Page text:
The Canadian Peregrine Foundation

NOTE:  This article was published in Talon Tales on March 5, 2002, immediately before Lightning achieved his fame in the Dominican Republic.  For more recent news about him, visit Lightning's Project Track-'em page.

Lightning is one of five juvenile peregrines from Richmond Hill to be monitored via satellite telemetry since 1999. Like most of his predecessors, he has made an interesting journey and has given us insights into the migratory tendencies of his species.

Upon his arrival in Richmond Hill, Lightning was a somewhat scrawny 23-day-old chick, noticeably smaller than his brother Lionheart and step-brother Legacy, who were 26 and 32 days old at the time. Fortunately, Lightning was more than able to fend for himself. On their second day in the hack box, he proved to be the boldest of the three, rushing forward to grab the quail as soon as it was provided, and valiantly trying to drag it away from the others. Lionheart and Legacy quickly learned not to mess with "little brother". Within a few days, Lightning had become so bold that he was even stealing morsels from Lionheart’s beak if he didn’t swallow them quickly enough!

Photo by Emma Followes

The release was set for July 23, when Lightning would be 40 days old. However, he evidently didn’t feel ready to fly just yet, as on his first day of freedom he contented himself with "killing" some stones on the Town Hall roof and pounding a piece of loose string into submission. With these exercises out of the way, Lightning took flight the next day and like the other two he flew beautifully and without any problems.

Before long, it was time to select one of the Richmond Hill birds to receive a satellite transmitter. As in 1999, one bird (Legacy) was clearly the strongest of the group, and another (Lightning) was noticeably smaller than the others. Sure enough, Lightning was caught first. Had it not been for our prior experiences, this might have been a concern; however, in 1999 it was Nate who was the smallest of the birds, and he of course has thrived while wearing a transmitter ever since.

Thus it was Lightning who joined Project Track-’em on August 3. Within a couple of weeks, he was starting to make excursions east to Markham and west to Maple. However, until early September Lightning still returned regularly to the Richmond Hill Town Hall. After this he became a bit more adventurous. Following a brief swing past the Toronto Zoo, Lightning settled in North York for a few weeks, with his position confirmed not only via his transmitter, but also by office workers at Yonge and Finch who watched him on their building. This was just a temporary rest for Lightning. By early October, he made his longest trip yet, heading almost 100 km west to Guelph. On October 17, he returned to Richmond Hill for the first time in five weeks, reuniting there with Lionheart.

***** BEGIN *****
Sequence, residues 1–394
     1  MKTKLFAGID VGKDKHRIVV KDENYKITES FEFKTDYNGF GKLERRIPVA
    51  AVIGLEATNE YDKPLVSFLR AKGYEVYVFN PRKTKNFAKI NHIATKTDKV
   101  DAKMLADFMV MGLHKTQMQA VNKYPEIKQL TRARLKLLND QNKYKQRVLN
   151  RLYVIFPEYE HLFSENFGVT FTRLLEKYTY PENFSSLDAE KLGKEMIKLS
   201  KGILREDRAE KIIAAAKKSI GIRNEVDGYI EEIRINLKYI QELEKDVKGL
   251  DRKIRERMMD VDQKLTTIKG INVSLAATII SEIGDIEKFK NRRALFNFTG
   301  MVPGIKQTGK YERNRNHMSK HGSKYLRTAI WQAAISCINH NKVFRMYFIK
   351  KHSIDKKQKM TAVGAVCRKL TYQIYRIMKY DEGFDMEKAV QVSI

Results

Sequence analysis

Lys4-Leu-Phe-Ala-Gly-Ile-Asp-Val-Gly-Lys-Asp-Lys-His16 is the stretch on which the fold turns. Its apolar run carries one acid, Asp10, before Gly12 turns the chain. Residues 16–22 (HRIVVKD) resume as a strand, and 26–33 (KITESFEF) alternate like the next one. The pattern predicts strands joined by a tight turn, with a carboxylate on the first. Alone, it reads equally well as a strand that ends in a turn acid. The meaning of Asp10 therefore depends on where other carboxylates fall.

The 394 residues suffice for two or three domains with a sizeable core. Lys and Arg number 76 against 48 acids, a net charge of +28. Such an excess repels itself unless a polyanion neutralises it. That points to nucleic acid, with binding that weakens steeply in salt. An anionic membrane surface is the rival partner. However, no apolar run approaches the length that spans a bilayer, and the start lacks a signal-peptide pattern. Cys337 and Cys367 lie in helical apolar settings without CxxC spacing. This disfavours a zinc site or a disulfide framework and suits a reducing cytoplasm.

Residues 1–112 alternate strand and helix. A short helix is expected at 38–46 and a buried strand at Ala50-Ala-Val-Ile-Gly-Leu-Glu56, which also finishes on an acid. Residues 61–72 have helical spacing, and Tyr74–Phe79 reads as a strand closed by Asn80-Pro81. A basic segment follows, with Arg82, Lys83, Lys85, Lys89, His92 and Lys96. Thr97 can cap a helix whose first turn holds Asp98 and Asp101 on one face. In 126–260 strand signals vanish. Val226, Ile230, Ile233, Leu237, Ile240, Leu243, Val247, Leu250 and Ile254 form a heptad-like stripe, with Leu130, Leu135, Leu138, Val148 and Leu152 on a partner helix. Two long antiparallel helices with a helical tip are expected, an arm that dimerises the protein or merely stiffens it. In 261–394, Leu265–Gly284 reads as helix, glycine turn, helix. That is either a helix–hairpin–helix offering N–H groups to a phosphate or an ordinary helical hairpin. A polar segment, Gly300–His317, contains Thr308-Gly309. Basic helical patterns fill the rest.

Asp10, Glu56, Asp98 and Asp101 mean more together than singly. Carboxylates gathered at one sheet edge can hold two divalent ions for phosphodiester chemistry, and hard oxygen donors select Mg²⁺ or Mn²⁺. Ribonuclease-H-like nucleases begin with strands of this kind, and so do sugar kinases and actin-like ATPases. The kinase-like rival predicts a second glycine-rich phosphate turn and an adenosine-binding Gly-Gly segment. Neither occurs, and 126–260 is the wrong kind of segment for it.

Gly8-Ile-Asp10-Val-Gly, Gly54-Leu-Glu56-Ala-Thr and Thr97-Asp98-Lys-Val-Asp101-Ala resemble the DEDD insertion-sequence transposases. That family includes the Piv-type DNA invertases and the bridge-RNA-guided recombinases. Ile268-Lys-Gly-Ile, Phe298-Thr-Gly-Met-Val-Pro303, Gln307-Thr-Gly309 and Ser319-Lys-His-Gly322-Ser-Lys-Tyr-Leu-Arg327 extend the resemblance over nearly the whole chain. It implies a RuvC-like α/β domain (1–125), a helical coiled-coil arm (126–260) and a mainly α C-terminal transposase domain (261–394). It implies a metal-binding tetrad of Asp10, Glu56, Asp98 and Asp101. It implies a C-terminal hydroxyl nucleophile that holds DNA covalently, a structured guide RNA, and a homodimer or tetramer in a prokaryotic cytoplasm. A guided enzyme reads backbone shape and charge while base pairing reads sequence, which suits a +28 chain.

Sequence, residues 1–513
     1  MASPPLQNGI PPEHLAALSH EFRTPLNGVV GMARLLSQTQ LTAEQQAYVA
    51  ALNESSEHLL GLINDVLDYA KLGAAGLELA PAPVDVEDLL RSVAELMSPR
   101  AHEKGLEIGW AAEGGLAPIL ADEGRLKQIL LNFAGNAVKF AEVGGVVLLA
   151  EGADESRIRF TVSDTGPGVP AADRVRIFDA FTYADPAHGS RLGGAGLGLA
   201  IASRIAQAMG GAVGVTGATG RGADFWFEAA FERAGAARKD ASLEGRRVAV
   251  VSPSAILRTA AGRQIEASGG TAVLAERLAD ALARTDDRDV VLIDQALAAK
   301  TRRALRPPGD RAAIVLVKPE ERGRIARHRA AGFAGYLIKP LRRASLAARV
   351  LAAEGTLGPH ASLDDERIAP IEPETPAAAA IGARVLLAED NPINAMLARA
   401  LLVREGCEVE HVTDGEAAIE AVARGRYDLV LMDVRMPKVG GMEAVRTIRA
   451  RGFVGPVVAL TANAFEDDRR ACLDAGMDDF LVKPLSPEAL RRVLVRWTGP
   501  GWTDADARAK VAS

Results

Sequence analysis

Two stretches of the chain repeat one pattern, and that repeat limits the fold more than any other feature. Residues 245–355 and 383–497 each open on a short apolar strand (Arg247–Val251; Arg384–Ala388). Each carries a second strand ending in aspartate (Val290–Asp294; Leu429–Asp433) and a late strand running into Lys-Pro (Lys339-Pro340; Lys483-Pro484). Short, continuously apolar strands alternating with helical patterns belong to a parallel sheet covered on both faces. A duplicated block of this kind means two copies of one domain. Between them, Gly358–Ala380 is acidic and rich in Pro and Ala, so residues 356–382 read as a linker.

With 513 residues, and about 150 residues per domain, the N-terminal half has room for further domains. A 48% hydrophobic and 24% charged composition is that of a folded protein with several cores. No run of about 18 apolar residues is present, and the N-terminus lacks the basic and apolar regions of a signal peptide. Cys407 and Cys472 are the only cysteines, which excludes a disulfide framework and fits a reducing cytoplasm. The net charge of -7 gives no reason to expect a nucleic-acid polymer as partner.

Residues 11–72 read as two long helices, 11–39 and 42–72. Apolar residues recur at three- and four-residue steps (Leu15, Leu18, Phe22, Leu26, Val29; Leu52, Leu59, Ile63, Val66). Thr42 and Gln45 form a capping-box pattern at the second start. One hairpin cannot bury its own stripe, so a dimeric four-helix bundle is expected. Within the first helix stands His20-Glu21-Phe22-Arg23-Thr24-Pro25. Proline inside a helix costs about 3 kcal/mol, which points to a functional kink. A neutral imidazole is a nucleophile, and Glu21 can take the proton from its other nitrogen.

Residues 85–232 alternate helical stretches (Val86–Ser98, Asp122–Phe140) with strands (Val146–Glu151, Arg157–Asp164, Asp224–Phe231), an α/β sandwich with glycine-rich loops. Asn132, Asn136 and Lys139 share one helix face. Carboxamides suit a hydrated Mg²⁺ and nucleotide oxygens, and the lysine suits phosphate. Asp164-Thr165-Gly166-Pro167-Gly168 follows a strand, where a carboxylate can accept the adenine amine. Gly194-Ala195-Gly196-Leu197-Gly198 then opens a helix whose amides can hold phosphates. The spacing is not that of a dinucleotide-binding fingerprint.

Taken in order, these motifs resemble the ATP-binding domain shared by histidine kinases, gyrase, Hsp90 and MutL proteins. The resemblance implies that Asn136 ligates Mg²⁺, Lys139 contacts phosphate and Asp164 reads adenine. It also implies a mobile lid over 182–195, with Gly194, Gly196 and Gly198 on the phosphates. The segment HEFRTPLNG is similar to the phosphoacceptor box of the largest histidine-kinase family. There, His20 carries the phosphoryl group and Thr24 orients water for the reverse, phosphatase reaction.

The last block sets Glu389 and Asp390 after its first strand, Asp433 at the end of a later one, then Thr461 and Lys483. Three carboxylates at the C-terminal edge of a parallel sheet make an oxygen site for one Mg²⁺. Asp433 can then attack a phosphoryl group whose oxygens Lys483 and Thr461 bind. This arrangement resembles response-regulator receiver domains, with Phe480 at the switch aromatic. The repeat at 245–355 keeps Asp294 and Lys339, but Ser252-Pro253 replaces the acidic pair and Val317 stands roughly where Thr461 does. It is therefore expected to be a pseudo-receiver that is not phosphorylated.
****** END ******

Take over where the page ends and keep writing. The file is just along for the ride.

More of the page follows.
Until then it seemed that Lightning was reluctant to leave home, but something changed around that time. On October 21, Lightning reported to us from New Jersey, and four days later he was on the coast of Virginia. However, it was his next flight which was the most impressive. Between October 25 and October 30, he flew nearly 1800 km south to Cuba. This was bad timing though, as he arrived just in advance of Hurricane Michelle, the most severe storm to hit Cuba in half a century. Lightning was lucky to be near the country’s east end, which escaped the worst of the weather.

Perhaps it was unrelated, but Lightning seemed to lose interest in migration after surviving the hurricane. His next flight took him just a short distance over water to Haiti, and from there he flew east into the mountainous interior of the Dominican Republic. He has remained in the country ever since, settling down eventually at San Francisco de Macoris and therefore becoming the first Project Track-’em bird to overwinter in the Caribbean. Lightning has captured the attention of local residents, and was featured on the cover of the daily newspaper Ultima Hora on March 4.

As of early March, Lightning’s transmitter is still functioning, and we look forward to tracking his return journey north, expected to begin within the next few weeks.

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